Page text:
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10/07/2022 – Ephemeris – Learn about the Sun tonight and view the Moon on Saturday

October 7, 2022 Leave a comment

This is Bob Moler with Ephemeris for Friday, October 7th. Today the Sun will be up for 11 hours and 24 minutes, setting at 7:12, and it will rise tomorrow at 7:49. The Moon, 2 days before full, will set at 6:08 tomorrow morning.

Tonight at 8 pm, the Grand Traverse Astronomical Society will have an in-person meeting at Northwestern Michigan College’s Rogers Observatory. The meeting will also be available via Zoom. The program will be presented by Mary Gribbin who has been observing the sun through her special solar telescope. She’ll describe the features visible with a solar telescope. If it’s clear, there will be a star party following the meeting. The observatory is located south of Traverse City off Birmley Road, between Garfield and Keystone roads. A Zoom link is available at gtastro.org. There will be a Moon and star party at the Sleeping Bear Dunes, Dune Climb tomorrow starting at 8 pm. That may be our last of the year out there. 2023 promises to have a full slate of star parties out there.

The astronomical event times given are for the Traverse City/Interlochen area of Michigan (EDT, UT – 4 hours). They may be different for your location.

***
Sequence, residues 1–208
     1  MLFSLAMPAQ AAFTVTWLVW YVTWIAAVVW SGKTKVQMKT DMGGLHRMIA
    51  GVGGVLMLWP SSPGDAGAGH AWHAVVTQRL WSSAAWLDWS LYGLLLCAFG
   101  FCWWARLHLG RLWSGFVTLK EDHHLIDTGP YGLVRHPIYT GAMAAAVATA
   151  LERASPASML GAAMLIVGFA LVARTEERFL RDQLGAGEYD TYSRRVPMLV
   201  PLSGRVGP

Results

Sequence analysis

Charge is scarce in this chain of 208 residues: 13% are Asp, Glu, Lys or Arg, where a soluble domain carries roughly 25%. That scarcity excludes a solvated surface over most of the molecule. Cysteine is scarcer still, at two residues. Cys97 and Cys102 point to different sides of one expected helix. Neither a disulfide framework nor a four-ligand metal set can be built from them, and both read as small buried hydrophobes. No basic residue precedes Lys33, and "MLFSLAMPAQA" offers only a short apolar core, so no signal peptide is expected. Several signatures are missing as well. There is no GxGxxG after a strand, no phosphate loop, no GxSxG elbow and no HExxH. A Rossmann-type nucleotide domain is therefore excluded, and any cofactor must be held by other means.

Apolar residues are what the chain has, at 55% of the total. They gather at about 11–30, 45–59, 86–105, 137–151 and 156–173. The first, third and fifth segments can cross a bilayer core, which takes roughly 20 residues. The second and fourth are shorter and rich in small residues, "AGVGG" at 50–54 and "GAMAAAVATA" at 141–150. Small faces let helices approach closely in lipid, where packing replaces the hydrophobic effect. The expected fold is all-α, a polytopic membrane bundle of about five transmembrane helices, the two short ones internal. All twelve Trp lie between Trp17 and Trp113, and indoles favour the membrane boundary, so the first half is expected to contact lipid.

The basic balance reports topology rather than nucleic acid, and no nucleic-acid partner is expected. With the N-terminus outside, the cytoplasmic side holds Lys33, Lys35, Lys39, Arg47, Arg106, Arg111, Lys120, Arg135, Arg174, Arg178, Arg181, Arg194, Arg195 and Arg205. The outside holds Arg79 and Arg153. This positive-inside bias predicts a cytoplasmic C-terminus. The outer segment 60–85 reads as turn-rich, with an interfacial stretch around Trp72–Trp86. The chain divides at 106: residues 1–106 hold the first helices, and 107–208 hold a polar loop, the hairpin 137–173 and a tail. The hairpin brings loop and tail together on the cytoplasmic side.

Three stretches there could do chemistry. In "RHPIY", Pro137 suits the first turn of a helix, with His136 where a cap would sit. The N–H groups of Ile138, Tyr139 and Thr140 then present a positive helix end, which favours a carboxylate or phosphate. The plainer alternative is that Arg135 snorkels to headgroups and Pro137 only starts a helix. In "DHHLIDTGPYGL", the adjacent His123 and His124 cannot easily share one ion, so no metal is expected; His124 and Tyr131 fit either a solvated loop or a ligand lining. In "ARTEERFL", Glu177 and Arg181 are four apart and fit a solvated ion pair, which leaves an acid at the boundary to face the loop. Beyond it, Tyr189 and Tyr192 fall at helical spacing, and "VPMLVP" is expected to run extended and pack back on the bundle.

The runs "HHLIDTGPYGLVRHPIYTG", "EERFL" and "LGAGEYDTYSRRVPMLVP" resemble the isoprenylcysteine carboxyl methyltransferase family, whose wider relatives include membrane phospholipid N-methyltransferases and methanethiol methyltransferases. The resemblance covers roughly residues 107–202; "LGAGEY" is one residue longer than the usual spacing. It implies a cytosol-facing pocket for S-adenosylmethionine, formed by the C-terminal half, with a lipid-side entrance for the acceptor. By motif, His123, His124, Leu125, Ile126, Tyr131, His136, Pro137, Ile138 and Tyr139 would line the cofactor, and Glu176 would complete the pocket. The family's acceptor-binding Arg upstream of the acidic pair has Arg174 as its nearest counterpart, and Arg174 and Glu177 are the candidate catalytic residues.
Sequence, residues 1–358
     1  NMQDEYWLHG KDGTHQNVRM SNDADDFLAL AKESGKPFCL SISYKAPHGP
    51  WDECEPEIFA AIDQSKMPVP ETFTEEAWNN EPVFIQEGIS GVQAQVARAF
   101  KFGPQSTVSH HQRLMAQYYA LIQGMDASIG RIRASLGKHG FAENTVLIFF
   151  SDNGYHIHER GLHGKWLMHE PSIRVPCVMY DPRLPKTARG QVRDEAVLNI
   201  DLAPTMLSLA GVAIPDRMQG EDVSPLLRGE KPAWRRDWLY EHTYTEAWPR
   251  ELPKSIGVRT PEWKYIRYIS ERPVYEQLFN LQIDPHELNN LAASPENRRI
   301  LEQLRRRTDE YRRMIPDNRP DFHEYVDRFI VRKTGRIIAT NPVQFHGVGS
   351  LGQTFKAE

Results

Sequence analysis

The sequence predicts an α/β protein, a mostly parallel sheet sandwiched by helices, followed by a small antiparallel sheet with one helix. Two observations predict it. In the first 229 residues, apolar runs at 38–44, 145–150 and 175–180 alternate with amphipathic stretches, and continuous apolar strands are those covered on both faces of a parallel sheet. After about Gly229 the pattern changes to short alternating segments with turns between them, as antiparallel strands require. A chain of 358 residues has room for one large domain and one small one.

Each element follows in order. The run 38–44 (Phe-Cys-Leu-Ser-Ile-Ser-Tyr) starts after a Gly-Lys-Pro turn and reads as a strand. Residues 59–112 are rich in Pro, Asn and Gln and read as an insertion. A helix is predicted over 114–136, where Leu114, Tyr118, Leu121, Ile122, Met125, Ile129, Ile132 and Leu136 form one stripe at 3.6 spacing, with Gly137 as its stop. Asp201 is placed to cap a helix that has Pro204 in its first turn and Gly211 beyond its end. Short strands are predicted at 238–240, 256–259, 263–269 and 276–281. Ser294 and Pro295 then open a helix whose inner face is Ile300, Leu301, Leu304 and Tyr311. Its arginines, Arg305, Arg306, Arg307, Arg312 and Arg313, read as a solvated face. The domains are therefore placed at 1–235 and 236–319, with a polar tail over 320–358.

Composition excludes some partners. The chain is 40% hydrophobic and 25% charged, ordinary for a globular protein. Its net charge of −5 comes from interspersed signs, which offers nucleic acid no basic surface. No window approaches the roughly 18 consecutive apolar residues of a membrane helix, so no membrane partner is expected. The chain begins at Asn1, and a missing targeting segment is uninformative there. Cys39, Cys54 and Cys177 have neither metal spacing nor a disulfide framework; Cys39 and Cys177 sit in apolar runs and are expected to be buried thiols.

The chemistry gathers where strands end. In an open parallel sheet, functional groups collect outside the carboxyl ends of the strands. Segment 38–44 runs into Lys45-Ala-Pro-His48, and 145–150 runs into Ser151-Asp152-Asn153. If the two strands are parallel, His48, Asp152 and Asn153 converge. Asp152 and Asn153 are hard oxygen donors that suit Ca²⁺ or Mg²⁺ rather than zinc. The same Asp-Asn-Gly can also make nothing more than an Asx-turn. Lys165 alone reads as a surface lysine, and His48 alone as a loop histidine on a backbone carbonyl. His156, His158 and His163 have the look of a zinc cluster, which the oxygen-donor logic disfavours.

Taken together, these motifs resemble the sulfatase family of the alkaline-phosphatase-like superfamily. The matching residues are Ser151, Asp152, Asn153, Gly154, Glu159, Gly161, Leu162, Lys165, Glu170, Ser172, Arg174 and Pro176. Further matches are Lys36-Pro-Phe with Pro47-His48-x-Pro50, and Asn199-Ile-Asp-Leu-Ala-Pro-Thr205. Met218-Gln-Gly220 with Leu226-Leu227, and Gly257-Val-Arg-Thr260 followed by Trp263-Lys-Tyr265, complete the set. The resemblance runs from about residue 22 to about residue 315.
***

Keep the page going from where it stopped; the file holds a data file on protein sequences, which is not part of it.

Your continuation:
Addendum

Excerpt from the Sleeping Bear Dunes National Lakeshore calendar posting:

“These events will be cancelled if the sky is not visible due to weather conditions. The decision to cancel is usually made either three hours in advance or by 4:30 p.m. the day prior to the event. Please call park rangers at 231-326-4700, ext. 5005, for a voicemail message with the decision. For the early morning and late evening astronomy events, bring a flashlight for the walk to and from the event. Park rangers and GTAS staff will wear red glow bracelets at the events. For more information about the Grand Traverse Astronomical Society, go to http://www.gtastro.org/.“

 

09/30/2022 – Ephemeris – View the Sun and Moon tomorrow in the Grand Traverse Area!

September 30, 2022 Comments off

This is Ephemeris for Friday, September 30th. Today the Sun will be up for 11 hours and 45 minutes, setting at 7:25, and it will rise tomorrow at 7:40. The Moon, 2 days before first quarter, will set at 9:57 this evening.